What we're talking about in this episode
Trouble sleeping? A poor night’s sleep impacts us all at some point in our lives but there are things we can do to improve the quality of our sleep. In this episode we discuss:
- The importance of sleep on your health and wellbeing
- Tips on how to get into a sleep rythm.
- Changes you can make to ensure you get a better nights sleep.
- Dr Guy Meadows - Co-Founder and Clinical Director of the Sleep School plus author of The Sleep Book: How To Sleep Well Every Night.
- Dr Nerina Ramlakha - Physiologist, sleep therapist and author of Tired But Wired: How To Overcome Your Sleep Problems, Fast Asleep Wide Awake and The Little Book Of Sleep
The expert guide to sleep
Since the March lockdown was announced, nearly two-thirds of us feel our sleep has suffered. Dr Guy Meadows, co-founder of the sleep school and author of The Sleep Book: How to Sleep Well Every Night and Nerina Ramlakhan, physiologist and sleep therapist, and author of The Little Book of Sleep reveal the secrets of satisfying slumber.
Tune in for timings
“Seven or eight hours a night is good to aim for, but we’re all unique. I encourage people to listen to how they feel”, says Nerina Ramlakhan. We all have our ‘Achilles heel’ when we get run down, whether it’s cold sores, a sore throat or migraines – pay attention to what happens to you when you’re not getting enough sleep, and you’ll start to become more attuned to how much you really need.”
Get into a rhythm
“Regularity is my number one piece of advice”, says Meadows. “Going to bed and getting up at the same time, eating at roughly the same time, exposing yourself to light at the same time, moving at the same time – that is a gift for our internal biological systems. Ask yourself ‘did I wake up feeling refreshed?’ If you did, you’re getting the right amount of hours, if not, perhaps you stayed up a bit late watching Netflix, perhaps you stayed awake worrying or maybe the quality of sleep was reduced by what you do during the day.”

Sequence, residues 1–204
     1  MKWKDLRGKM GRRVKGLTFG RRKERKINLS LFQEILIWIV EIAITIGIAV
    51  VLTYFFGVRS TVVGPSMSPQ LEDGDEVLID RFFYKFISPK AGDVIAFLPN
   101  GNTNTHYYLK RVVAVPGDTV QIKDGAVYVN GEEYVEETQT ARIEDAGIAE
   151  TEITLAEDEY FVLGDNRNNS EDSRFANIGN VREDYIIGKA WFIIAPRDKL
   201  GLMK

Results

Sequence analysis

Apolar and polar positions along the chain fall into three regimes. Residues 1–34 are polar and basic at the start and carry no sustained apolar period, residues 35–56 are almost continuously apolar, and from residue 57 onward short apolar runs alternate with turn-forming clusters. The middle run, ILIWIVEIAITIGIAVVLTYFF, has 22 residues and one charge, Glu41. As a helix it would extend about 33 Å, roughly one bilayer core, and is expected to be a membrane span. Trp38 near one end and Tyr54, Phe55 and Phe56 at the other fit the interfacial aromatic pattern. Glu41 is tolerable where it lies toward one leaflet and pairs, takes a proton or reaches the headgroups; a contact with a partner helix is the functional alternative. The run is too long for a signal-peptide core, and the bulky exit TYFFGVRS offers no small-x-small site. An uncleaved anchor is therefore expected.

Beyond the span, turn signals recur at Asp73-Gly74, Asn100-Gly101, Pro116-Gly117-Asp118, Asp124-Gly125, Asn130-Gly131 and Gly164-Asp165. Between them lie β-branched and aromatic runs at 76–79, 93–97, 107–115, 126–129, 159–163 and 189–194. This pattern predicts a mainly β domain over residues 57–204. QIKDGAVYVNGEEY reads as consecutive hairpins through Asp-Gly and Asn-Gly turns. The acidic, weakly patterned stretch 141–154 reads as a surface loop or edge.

Lessen the impact of light
“Researchers followed people in their lit-up city life, then took them to the Canadian Rockies where the only light sources were fires, stars and sunlight and within five days, the gap between owl and lark tendencies narrowed significantly”, says Meadows. “Two hours before going to bed start darkening down - switching on side lamps, reducing the brightness of devices, switching on blue filters.”
Waking up is OK!
“Waking up during the night is completely normal”, says Ramlakhan. “Some research shows that we’re biphasic, so we sleep, then wake up in the early hours to check whether it’s safe to go back to sleep. What isn’t normal is to then look at your phone, check the time, check the share prices, dive into your social media - all of that stops you getting back to sleep.”
Don’t leave the bedroom
“The traditional advice was that if you’d been awake for 15 minutes, you should get out of bed and go and do something else. The rationale is that you don’t want to lay in bed struggling, because you’ll end up associating bed with anxiety and that will perpetuate that situation”, says Meadows. “Rather than getting out of bed, lie in bed and get the benefits of resting, not struggling.”
Give sleep some respect
“Make sleep a priority”, says Guy Meadows. “It’s an incredibly powerful, health-providing, performance-enhancing tool that we can do every single night, so ring-fence it. Watch one fewer Netflix episode for a couple of weeks, and see how you feel.”
Want to learn more? Listen to more episodes The Wellness Edit podcast here.